Step 4: Staff Treat Medical Waste as Needed
Some hospitals can treat some of the medical waste they generate. Treating the waste within the hospital facility can save time and money and reduce accumulation. Waste treatment can kill or otherwise remove the dangers of the waste, leading to recycling or safer disposal for waste management companies.
The most popular on-site treatment option is autoclaving. An autoclave is a closed chamber system that combines pressure with heat or steam to sterilize medical tools, equipment, and sharps. They come in various sizes so hospitals of various sizes can use them. However, autoclaving or other on-site waste treatment is often not a requirement. It is simply an option that can save the hospital time and money and protect the hospital and waste management staff.
Step 5: Staff Incinerate Waste On-Site As Possible
The waste disposal staff can incinerate medical waste if autoclaving isn’t enough, and the hospital wishes to perform its own disposal method. Like autoclaving, incineration is often not a requirement. Individual hospitals can choose to add or use an incineration facility, but they do not have to.
The EPA’s Office of Air Quality Planning and Standards regulates hospital waste incinerators due to concerns about unhealthy air quality for humans. Individual states often have additional regulations, including certifications and licenses, concerning hospital waste incinerators or other technological treatments.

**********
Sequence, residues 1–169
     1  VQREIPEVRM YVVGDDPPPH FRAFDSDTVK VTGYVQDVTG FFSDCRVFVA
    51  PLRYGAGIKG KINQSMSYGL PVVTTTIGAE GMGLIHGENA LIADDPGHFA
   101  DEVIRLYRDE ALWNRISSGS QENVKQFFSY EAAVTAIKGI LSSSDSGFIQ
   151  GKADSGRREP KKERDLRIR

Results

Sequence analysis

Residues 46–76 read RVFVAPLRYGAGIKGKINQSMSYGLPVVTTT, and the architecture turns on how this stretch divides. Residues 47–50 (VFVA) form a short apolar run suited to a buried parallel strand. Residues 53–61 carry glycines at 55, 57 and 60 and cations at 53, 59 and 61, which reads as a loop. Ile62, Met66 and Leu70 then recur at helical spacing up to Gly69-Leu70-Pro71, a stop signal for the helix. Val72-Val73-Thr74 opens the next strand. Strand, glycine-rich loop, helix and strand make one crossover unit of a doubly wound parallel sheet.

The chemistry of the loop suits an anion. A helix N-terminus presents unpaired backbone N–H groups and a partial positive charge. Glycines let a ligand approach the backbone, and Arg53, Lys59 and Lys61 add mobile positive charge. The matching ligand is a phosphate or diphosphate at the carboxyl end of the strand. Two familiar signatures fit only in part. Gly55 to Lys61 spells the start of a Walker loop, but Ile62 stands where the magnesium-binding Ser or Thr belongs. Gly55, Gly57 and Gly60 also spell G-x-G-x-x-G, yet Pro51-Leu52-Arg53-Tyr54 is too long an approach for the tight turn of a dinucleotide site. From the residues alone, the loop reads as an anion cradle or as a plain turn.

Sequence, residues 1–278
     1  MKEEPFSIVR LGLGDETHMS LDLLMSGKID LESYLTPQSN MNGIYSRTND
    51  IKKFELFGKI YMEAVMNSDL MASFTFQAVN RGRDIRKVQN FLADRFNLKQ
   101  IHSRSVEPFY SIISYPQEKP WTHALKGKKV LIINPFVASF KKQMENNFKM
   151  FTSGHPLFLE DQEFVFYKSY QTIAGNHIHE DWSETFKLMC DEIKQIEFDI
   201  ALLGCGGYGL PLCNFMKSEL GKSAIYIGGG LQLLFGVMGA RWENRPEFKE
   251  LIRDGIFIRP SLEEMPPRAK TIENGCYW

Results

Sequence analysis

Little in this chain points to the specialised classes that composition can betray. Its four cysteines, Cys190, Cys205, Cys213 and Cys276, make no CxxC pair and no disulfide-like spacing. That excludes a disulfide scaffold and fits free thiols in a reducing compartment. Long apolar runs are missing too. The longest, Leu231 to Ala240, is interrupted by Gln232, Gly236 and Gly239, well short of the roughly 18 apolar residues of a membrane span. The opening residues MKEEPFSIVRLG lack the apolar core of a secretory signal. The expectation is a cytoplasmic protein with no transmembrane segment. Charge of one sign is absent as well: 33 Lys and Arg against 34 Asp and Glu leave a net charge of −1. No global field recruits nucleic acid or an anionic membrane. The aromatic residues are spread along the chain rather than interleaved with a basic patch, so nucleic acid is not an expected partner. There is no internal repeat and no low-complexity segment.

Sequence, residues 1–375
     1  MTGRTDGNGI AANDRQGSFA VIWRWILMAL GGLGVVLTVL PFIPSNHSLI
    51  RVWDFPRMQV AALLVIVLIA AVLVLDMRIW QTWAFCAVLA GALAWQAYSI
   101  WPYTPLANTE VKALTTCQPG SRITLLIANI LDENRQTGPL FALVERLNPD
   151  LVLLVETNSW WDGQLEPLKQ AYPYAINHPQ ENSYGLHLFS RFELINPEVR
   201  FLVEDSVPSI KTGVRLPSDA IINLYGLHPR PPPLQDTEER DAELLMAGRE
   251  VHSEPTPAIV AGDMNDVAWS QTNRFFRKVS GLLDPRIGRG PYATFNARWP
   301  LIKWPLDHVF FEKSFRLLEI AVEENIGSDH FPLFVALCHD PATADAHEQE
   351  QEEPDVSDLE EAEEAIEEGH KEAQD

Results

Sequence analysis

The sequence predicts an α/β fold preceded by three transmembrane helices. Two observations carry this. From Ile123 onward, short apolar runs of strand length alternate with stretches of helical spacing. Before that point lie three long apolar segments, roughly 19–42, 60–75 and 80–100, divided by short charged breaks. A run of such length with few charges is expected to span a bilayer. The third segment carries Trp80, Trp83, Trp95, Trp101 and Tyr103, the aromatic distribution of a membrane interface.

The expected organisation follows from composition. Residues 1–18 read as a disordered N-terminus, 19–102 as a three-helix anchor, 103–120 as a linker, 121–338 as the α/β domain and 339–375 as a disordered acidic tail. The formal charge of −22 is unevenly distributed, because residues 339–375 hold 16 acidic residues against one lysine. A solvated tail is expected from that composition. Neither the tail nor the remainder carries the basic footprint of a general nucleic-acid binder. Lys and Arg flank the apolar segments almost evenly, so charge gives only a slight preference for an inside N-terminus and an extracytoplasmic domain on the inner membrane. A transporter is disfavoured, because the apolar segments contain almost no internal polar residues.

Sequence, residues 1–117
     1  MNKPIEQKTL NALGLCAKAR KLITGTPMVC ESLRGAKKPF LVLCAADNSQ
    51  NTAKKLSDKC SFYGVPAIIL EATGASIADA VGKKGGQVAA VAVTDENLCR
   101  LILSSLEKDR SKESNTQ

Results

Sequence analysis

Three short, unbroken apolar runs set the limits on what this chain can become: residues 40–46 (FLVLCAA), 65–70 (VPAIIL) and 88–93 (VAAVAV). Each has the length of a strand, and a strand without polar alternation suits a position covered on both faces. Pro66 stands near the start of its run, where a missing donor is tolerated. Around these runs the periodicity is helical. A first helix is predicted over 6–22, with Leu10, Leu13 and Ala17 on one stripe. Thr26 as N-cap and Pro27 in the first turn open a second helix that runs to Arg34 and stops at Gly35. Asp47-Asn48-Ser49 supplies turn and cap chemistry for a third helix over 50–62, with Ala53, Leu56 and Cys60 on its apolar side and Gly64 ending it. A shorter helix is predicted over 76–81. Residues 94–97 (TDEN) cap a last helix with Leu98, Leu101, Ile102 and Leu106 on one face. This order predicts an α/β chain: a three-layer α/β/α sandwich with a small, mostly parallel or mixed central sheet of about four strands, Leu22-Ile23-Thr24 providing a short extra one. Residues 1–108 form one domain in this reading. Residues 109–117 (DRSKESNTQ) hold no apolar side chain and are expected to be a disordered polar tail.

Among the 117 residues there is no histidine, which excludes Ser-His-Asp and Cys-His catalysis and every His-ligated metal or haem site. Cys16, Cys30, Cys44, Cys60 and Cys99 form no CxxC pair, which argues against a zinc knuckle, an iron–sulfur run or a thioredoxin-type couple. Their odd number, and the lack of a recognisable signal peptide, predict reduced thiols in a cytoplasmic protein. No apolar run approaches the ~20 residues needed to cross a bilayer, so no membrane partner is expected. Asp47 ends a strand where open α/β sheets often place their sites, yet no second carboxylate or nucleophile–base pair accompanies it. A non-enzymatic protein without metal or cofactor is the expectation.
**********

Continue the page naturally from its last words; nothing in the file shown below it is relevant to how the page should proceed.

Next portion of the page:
Step 6: Waste Professionals Remove and Transport Hospital Waste
Once hospital staff properly contain, store, and potentially treat medical waste, most call professionals to remove the waste from the facility. Waste professionals can safely gather the waste from the proper storage area and transport it for permanent disposal elsewhere. Some offer additional services including containment and storage.
Regardless of when the hospital staff contacts the waste professionals, the professionals will eventually remove and transport the waste according to federal, state, and local regulations. A good waste management company will have certified waste transportation drivers to ensure safe and efficient transportation.
Step 7: Waste Professionals Dispose of Waste According to Local Rules
After the waste professionals remove and transport the medical waste, they can dispose of it according to local rules. They may also need to keep federal and state regulations in mind. These rules and regulations make partnering with a local waste management company important. They will know the federal and state regulations and any local rules that national companies may not know about.
Disposal methods can vary depending on the type of waste and established regulations. Incineration and landfill disposal are popular, especially for medical waste. In some cases, fuel-blending and recycling are possible. The waste professionals will determine the best disposal method for the medical waste they collect.
Hospitals dispose of medical waste safely through a seven-step process that often involves waste management professionals. The professionals at Clean Management Environmental Group can help if your hospital or other medical facility requires hazardous waste transportation and disposal. Our certified drivers can safely and efficiently transport your waste. We will then handle the disposal for you so you can focus on providing a safe and healthy environment for your patients and staff.